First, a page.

Variable comparison

From time to time I bounce into a code like:

if ('vodka' == drink.type && 40 == drink.spiritAmount) then {...}

Some people consider it’s a good programming style and that it should supposedly prevent the noobies’ error with accidental variable assignment. No it’s actually not. The good programming style is when your code can be understood not only by a compiler, but by another human. Humans, you know, build the sentences using the normal order: “If the bottle says ‘Vodka’ but amount of spirit is not 40% then it’s a fake”. Okay? Find me someone who normally says something like “If the 161 is a train number that you’ve seen on the ‘arrived’ screen then it’s time to board”.

Besides, if you use this reverse-style with the equality operator, you should probably use it with all other comparison operators, wouldn’t you? That is to write if (10 <= number_of_entries) and so on. So in order to fight one small lame error, which happens once in a year you’re gonna pervert human’s mind and ask smart people to think in a reversed way. I think it’s not worth it.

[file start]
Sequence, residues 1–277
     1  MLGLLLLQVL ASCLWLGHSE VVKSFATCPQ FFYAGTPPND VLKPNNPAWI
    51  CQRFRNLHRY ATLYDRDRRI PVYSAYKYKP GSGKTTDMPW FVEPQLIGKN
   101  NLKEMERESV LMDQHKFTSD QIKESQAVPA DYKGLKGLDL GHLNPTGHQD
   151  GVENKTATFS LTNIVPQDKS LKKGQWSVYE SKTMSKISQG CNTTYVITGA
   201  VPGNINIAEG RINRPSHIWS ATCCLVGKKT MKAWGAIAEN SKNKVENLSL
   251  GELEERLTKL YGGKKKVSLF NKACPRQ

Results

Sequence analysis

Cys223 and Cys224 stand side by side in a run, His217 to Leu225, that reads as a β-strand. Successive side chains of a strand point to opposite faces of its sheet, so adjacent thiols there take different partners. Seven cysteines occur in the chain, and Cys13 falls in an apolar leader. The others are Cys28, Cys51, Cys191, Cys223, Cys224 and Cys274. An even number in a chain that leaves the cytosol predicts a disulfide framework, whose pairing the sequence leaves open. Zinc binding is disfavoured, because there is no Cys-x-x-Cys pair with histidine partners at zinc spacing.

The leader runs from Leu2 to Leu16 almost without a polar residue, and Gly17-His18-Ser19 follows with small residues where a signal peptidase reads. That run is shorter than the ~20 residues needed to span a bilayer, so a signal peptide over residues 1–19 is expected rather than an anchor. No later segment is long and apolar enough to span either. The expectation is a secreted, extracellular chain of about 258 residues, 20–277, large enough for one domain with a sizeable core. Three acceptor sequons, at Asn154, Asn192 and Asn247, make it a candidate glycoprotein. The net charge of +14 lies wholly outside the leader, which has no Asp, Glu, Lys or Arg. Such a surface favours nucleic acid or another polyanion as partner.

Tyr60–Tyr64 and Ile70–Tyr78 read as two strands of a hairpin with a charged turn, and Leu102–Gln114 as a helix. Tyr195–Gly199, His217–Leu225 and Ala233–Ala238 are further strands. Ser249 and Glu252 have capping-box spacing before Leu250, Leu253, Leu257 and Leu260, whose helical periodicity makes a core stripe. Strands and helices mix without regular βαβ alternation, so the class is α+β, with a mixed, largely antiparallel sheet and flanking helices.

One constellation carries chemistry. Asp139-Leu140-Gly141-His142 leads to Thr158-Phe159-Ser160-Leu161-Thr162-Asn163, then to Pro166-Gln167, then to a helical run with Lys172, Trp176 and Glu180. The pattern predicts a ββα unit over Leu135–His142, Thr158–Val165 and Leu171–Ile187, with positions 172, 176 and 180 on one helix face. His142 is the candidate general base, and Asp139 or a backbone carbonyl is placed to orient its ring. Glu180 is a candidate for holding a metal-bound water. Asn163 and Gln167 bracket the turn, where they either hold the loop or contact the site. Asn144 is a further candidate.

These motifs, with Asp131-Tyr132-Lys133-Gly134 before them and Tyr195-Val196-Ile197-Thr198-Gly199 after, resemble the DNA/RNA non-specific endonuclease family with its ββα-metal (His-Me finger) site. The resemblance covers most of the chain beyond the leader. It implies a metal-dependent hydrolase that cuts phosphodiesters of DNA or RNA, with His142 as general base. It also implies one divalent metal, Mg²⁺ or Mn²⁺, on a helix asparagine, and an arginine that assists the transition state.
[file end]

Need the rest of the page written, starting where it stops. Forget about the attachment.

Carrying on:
You wanna fight this error? Fine. Write a pre-commit hook that will execute regex-search and just stop the commit if it finds this bug. There is absolutely zero reasons for a single equation to appear inside the “if (…)” brackets. But please stop messing around with human’s mind. Programmers have better things to remember.

Of course if you join the project and there are already code conventions which claim this style, you must follow them no matter do you like them or not. Or if you build your application on top of an opensource framework that follows that style.

But when I create a new application, I personally choose not to use it.

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